AbbVie recently announced positive data from two Phase II studies that evaluated the company’s selective JAK1 inhibitor, called ABT-494, in patients with rheumatoid arthritis (RA) with an inadequate response to either methotrexate or TNF inhibitors .
The results showed that in both BALANCE-I and BALANCE-II double-blind, placebo-controlled, dose-ranging Phase 2b studies, ABT-494 achieved ACR20 (a multidimensional outcome measure to evaluate treatments in rheumatoid arthritis) following 12 weeks across all dose levels, except for the lowest dose in the BALANCE-II study.
Both clinical trials assessed patients with a diagnosis of moderate to severe RA who had insufficient responses to prior methotrexate (MTX-IR) or anti-TNF (TNF-IR). “We believe ABT-494 has the potential to become a best-in-class therapy, particularly in the most challenging patient population of TNF-inadequate responders,” said Michael Severino, M.D., executive vice president, research and development and chief scientific officer, AbbVie. “We are encouraged by the results of our Phase 2 studies and we will advance ABT-494 to Phase 3 studies with a once-daily formulation.”
Across both clinical trials the experience of serious adverse events occurred in <3% of the patients and the overall rate of discontinuation was of <5%. Two patients (one on ABT-494 and one on placebo) experienced serious infections. Less than 5% of patients that received treatment with ABT-494 experienced headache, the most usual adverse event.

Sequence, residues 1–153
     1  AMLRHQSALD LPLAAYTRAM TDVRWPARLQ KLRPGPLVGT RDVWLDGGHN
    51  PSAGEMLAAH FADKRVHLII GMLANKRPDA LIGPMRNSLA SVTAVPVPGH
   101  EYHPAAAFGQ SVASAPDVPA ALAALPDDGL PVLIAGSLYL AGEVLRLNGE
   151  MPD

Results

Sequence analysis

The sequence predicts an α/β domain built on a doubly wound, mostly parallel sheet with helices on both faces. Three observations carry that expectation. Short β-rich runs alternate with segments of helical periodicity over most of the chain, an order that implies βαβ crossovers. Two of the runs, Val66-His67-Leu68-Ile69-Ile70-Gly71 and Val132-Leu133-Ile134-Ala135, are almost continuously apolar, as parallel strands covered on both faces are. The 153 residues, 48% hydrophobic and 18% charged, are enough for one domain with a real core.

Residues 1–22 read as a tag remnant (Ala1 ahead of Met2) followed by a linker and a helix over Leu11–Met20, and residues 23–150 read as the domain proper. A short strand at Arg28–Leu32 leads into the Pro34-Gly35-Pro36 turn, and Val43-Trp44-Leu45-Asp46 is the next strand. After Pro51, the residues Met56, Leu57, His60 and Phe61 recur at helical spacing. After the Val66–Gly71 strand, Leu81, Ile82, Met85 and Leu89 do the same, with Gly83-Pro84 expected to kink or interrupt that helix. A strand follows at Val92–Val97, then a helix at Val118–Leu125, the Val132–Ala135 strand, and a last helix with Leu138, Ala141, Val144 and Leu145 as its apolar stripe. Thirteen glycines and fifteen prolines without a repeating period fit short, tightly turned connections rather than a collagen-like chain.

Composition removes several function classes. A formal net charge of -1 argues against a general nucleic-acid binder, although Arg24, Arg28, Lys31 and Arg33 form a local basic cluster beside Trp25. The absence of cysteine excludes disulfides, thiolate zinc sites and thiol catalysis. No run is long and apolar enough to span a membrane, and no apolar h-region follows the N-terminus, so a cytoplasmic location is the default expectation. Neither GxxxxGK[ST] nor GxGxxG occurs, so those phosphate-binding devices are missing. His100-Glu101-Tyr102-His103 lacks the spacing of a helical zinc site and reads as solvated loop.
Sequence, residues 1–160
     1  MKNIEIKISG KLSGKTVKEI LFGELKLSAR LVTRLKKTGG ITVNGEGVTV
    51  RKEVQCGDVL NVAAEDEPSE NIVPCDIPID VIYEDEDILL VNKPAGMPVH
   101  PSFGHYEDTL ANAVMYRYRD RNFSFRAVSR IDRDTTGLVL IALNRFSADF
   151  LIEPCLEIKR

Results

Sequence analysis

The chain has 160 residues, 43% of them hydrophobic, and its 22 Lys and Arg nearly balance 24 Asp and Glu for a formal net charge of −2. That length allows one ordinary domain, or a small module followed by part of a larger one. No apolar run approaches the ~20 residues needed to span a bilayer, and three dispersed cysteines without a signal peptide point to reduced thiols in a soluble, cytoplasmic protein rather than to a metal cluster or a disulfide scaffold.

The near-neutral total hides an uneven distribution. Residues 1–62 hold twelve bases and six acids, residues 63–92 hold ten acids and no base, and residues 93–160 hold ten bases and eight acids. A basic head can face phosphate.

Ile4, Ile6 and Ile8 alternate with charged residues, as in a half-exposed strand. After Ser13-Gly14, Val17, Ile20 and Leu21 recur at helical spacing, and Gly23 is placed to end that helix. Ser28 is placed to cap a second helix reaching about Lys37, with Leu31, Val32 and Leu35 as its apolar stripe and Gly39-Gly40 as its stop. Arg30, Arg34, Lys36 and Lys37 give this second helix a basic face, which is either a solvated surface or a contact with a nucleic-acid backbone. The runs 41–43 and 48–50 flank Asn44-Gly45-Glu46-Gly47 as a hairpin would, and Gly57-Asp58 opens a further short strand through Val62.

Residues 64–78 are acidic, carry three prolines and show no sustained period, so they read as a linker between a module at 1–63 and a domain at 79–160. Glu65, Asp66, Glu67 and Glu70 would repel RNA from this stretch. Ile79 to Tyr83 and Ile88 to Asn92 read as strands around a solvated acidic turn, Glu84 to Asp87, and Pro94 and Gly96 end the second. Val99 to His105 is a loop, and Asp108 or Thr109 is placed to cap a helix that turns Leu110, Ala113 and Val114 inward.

“These were well-designed studies across a broad dose range that allow us to understand the full potential of inhibiting this pathway,” said Mark Genovese, M.D., professor of medicine, Stanford University Medical Center, Division of Immunology and Rheumatology. “The consistency of response and the overall safety profile of ABT-494 in these two patient populations offer the potential for significant benefit and support advancing this compound into Phase 3 studies. In particular, the TNF-IR population is increasing and represents those failing current standard of care. Anything we can do to better help these patients would represent an important advancement to the field.”
A total of 276 patients took part in the BALANCE-I study. Of these, about 20% had an inadequate response to treatment with a non-TNF biologic and about 30% had an inadequate response to two or more anti-TNF drug agents. Concerning the BALANCE-II study, a total of 300 patients who had an inadequate response to prior treatment with methotrexate participated.
“The levels of ACR response across the ABT-494 studies are impressive and warrant further investigation, particularly in treatment-refractory patients with the highest unmet need,” said Joel Kremer, M.D., director of research, The Center for Rheumatology in Albany, New York and a clinical investigator on BALANCE-I.